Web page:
July 16, 2012
First Circuit affirms (way-)below-guideline sentence for Big Dig white-collar offenders
Because I am on the road throughout July, I fear I may miss some notable circuit sentencing opinions. Thus, I am especially grateful that a helpful reader alerted me to the especially noteworthy opinion handed down by the First Circuit late last week in US v. Prosperi, No. 10-1739 (1st Cir. July 13, 2012) (available here). Here is how the lengthy Prosperi opinion starts:
The United States challenges the sentences imposed on appellees Robert Prosperi and Gregory Stevenson after their conviction of mail fraud, highway project fraud, and conspiracy to defraud the government. Both appellees were employees of Aggregate Industries NE, Inc. ("Aggregate"), a subcontractor that provided concrete for Boston's Central Artery/Tunnel project, popularly known as the "Big Dig." The government charged that over the course of nine years Aggregate knowingly provided concrete that failed to meet project specifications and concealed that failure by creating false documentation purporting to show that the concrete provided complied with the relevant specifications. Several employees of Aggregate, including Prosperi and Stevenson, were convicted of criminal offenses for their roles in the scheme.
At sentencing, the district court calculated the guidelines sentencing range ("GSR") for Prosperi and Stevenson as 87- to 108-months incarceration. Then, explaining fully its rationale for a below-guidelines sentence, the court sentenced Prosperi and Stevenson to six months of home monitoring, three years of probation, and 1,000 hours of community service. The government now appeals, arguing that under Gall v. United States, 552 U.S. 38 (2007), the sentences imposed by the district court were substantively unreasonable and that the appellees' crimes warrant incarceration.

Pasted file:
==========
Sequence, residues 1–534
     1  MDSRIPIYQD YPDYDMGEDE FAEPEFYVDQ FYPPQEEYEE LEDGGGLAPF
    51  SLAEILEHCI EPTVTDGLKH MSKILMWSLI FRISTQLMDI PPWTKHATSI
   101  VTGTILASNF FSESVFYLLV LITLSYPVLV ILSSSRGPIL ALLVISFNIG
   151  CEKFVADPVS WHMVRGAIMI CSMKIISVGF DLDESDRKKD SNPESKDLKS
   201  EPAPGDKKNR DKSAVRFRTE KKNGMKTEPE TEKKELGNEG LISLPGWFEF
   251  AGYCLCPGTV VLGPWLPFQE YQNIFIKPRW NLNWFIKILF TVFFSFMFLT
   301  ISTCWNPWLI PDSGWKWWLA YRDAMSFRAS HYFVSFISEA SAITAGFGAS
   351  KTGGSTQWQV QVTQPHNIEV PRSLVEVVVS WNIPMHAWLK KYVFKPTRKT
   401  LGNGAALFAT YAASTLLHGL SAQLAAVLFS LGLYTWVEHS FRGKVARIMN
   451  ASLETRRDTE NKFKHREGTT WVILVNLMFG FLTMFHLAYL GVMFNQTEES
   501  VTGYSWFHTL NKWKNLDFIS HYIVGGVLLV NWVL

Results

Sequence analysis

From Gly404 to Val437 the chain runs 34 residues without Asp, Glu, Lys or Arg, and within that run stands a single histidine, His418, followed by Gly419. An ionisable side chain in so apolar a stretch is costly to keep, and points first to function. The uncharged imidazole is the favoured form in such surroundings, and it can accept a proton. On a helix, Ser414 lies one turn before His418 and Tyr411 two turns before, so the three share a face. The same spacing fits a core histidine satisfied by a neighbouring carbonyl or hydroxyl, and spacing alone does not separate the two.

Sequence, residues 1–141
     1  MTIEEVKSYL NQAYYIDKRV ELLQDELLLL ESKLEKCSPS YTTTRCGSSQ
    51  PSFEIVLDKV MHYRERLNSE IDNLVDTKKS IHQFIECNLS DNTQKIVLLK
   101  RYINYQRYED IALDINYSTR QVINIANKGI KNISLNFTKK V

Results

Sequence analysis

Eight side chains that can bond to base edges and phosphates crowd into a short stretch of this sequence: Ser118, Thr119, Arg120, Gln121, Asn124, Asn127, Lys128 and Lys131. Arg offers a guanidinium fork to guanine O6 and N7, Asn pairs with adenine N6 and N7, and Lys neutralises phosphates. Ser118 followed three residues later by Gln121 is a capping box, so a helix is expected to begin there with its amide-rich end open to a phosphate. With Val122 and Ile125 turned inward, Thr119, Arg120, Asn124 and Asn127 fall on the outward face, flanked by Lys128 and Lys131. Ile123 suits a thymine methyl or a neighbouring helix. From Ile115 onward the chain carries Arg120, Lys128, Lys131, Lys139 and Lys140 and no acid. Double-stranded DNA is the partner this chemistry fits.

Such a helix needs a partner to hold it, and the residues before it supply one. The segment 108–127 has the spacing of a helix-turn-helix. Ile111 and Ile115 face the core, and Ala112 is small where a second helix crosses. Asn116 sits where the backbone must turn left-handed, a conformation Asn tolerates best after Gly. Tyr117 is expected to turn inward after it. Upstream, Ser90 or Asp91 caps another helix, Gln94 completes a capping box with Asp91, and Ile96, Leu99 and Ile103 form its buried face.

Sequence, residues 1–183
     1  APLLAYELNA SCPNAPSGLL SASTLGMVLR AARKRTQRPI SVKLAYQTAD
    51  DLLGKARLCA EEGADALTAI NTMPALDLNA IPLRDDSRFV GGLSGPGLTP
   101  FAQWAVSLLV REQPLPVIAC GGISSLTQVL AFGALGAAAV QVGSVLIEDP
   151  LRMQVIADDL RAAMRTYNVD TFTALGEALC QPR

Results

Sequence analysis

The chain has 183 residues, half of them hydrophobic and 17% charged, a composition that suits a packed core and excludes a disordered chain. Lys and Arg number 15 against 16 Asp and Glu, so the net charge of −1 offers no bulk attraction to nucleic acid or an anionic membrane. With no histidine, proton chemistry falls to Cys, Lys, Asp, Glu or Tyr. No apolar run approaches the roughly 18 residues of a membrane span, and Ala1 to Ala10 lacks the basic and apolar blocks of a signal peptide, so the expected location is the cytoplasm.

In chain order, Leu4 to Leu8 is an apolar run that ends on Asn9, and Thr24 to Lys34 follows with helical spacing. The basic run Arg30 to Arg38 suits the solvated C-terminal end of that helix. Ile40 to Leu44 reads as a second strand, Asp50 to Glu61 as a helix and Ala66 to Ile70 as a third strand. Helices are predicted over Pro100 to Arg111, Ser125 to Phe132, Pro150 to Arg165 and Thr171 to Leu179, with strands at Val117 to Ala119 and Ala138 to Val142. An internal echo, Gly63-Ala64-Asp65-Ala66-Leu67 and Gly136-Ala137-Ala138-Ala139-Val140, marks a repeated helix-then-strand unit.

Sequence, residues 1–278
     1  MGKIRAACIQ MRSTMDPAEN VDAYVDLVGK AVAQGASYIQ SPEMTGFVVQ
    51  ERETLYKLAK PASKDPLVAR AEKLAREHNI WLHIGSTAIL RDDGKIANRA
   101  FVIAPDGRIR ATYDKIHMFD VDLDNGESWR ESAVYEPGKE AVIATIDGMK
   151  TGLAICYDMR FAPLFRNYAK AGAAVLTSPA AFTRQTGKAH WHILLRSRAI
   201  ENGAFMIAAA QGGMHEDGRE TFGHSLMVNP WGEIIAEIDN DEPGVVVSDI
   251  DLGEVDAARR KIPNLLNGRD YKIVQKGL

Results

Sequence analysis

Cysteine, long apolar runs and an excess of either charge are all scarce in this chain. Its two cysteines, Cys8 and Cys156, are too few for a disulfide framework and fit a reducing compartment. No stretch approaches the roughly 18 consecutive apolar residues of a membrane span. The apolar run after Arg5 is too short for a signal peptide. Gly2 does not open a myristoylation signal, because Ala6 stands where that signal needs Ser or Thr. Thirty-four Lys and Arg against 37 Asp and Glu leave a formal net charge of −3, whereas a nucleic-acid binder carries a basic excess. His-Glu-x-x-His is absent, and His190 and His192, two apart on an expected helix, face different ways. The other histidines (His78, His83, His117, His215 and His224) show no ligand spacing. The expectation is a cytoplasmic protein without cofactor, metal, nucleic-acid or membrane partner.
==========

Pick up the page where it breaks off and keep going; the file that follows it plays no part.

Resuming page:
We affirm. Although the degree to which the sentences vary from the GSR gives us pause, the district court's explanation ultimately supports the reasonableness of the sentences imposed. The district court emphasized that its finding on the loss amount caused by the crimes, the most significant factor in determining the GSR, was imprecise and did not fairly reflect the defendants' culpability. Hence it would not permit the loss estimate to unduly drive its sentencing decision. Relatedly, it found that there was insufficient evidence to conclude that the defendants' conduct made the Big Dig unsafe in any way or that the defendants profited from the offenses. The court then supplemented these critical findings with consideration of the individual circumstances of the defendants and concluded that probationary sentences were appropriate. We cannot say that it abused its discretion in doing so.
As this introduction suggests, the (unanimous) Prosperi opinion discusses lots of loss issues and ultimately affirms the district court's desire and decision to give little weight to what it saw as an inflated loss calculation. For this reason and others, Prosperi is a must-read not just for white-collar federal sentencing practitioners, but for all those still unsure about the scope of sentencing discretion in the post-Booker world.
July 16, 2012 at 03:48 AM | Permalink
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